What Works? Avoid Mistakes!

 

While the branding campaign of “Caring for the eyes of Texas since 1936” has been the research-tested, effective foundation of TSO advertising, there are times when you may want to promote some type of offer or service with local advertising.  The following are some tips on possible advertising mistakes and how to avoid them:

1.    Weak Headline or No Headline At All

The headline is the most important part of any ad.  It will grab the reader’s/listener’s/viewer’s attention and pull them in to what you have to say.  Create a headline that will specifically address a particular problem your prospective patient may have.  Create a headline that offers a benefit and provokes curiosity.

2.    No offer or a Weak Offer

Make your offer as generous as you can afford.  Keep in mind the lifetime value of a patient.  The real money is creating the loyalty of a lifetime patient.  This is accomplished by delivering outstanding, better-than-expected service and you’ll reap the rewards when they return for eye care over and over.

3.    No Deadline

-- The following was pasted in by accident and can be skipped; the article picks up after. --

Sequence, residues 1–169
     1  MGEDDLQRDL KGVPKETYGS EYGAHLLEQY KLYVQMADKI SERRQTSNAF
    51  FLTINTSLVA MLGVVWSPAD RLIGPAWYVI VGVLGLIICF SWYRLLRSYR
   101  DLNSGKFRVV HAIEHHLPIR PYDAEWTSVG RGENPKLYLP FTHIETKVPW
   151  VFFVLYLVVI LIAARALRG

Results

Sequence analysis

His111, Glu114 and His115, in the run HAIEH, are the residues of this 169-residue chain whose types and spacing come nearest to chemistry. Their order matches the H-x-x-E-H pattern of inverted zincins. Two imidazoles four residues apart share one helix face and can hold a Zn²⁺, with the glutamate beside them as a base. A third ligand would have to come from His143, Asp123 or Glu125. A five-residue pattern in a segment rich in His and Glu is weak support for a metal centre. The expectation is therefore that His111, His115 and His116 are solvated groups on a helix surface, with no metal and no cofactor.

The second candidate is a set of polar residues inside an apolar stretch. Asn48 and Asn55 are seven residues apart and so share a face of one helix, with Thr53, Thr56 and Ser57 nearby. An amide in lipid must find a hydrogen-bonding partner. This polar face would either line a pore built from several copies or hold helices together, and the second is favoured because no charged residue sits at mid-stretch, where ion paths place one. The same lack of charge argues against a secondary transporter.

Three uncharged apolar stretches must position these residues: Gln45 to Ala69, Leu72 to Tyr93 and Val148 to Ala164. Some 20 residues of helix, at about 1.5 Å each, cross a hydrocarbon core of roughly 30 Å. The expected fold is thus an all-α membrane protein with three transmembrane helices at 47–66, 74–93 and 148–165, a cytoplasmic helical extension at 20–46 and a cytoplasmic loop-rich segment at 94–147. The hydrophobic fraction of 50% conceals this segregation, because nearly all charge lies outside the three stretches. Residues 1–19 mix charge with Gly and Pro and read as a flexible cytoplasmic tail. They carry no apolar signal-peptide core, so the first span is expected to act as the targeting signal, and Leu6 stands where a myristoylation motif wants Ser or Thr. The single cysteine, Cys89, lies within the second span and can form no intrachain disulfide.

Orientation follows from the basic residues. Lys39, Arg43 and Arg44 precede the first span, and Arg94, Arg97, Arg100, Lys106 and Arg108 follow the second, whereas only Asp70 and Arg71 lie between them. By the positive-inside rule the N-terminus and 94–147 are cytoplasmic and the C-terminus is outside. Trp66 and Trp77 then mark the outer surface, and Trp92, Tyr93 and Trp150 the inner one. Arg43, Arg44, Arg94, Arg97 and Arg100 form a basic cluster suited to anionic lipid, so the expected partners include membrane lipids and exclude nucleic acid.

People are natural procrastinators.  Unless you motivate them to respond “now”, they never will.  A deadline is what makes them respond immediately.  Deadlines create the fear of losing out on a particular offer or opportunity.  How long should it be?  Typically, the shorter the deadline, the better the response will be.  For best results, try to keep your deadline less than two weeks.  If you go longer than that, you may as well save your money.

4.    Trying to Accomplish Multiple Objectives

Try to avoid promoting too many specials in one ad.  Doing so will often tend to confuse the reader/listener/viewer and a confused mind usually says “No.”  Remember, an ad should have only one objective:  to get the prospective patient to respond.

5.    Being Too Cute

Many believe, incorrectly, that cute ads are easily remembered.  Cute advertising is remembered for being cute, but not for the product it was promoting.  How often have you laughed at a particularly funny commercial and then, minutes later, asked yourself, “What were they selling, anyway?”  Avoid “cute.”

By recognizing any of these possible mistakes in your planned ad before you run it, you can generate a much higher response rate and a more profitable return on your advertising investment.

Rod Windham

For additional information or help with your advertising and marketing contact the Rhymes Team through Rod Windham at rod@rhymes.com or by phone at 713.213.2804 (cell); 713.871.8980 (office).

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